n and is remembered to this day.
That Amen was recently renewed in my recollection by a letter from a gentleman, a stranger to me. He had just heard of the death of Bishop Polk, and he remembered spending a Sunday at West Point in the spring of 1826, and attending service in the chapel, and that two cadets were baptized, and that I addressed them.
He remembered the very words as given above, and he said that one of the cadets responded to them with an Amen, so deep-toned and so uttered as ifgave him in my study, which he had resisted, and which sometimes he supposed he had mastered, but which now asserted itself, though until that day it had never been communicated to any human being.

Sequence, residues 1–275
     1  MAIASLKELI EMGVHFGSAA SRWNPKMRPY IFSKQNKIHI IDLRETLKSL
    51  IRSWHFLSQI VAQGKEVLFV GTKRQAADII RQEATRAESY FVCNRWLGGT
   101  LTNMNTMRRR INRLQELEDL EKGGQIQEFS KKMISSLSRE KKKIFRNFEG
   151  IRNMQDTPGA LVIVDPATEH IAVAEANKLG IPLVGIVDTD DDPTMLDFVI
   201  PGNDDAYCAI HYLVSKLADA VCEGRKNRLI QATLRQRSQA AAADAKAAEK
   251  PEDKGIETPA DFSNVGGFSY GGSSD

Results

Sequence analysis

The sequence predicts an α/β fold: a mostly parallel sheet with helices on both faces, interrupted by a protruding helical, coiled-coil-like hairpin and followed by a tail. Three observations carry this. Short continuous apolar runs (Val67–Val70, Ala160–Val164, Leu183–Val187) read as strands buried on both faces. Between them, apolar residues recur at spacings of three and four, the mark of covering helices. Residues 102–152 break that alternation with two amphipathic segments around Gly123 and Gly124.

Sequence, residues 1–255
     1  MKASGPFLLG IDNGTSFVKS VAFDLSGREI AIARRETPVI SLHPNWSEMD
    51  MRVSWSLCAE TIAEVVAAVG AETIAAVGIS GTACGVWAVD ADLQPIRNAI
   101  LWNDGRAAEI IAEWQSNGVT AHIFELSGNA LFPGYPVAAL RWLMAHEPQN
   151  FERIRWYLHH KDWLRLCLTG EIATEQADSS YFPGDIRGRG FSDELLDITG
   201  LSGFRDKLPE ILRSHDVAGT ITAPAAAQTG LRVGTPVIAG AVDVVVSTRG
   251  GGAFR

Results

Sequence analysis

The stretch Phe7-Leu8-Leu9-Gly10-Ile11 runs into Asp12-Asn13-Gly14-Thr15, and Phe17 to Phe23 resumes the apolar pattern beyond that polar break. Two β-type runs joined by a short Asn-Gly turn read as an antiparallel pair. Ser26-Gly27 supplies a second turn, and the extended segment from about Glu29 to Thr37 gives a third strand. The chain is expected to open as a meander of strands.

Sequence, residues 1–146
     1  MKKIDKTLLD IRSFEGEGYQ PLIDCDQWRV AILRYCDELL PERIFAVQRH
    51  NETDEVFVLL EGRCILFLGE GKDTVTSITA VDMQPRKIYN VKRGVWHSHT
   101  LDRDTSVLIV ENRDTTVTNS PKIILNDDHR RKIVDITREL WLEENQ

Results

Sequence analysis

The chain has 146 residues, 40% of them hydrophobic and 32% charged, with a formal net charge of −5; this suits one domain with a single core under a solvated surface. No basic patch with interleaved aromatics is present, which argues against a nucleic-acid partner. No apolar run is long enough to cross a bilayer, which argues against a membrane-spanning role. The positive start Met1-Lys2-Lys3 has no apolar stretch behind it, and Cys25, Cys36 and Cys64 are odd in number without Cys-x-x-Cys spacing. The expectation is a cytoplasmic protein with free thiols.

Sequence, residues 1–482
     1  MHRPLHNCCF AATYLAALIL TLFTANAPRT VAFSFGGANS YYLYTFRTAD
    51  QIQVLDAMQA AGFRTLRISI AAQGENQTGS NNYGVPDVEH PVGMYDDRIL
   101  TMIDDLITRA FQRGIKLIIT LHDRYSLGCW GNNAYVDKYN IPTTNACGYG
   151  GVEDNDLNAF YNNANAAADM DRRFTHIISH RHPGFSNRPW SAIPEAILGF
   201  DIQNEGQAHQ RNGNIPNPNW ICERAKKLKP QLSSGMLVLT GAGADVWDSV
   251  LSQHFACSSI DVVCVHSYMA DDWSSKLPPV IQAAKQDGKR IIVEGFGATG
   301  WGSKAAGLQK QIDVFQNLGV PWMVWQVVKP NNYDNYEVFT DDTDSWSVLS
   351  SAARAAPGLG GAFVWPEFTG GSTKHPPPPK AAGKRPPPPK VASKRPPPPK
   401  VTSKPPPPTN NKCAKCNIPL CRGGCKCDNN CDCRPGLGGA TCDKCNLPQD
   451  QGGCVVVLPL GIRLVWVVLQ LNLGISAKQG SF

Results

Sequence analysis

Entered the artillery.
After graduating in 1826, that cadet entered the artillery, and afterwards became a clergyman of the Episcopal Church, in which service he died a few years ago. After Cadet Polk had then taken position on the Lord's side, he was very determined that no gainsayer should fi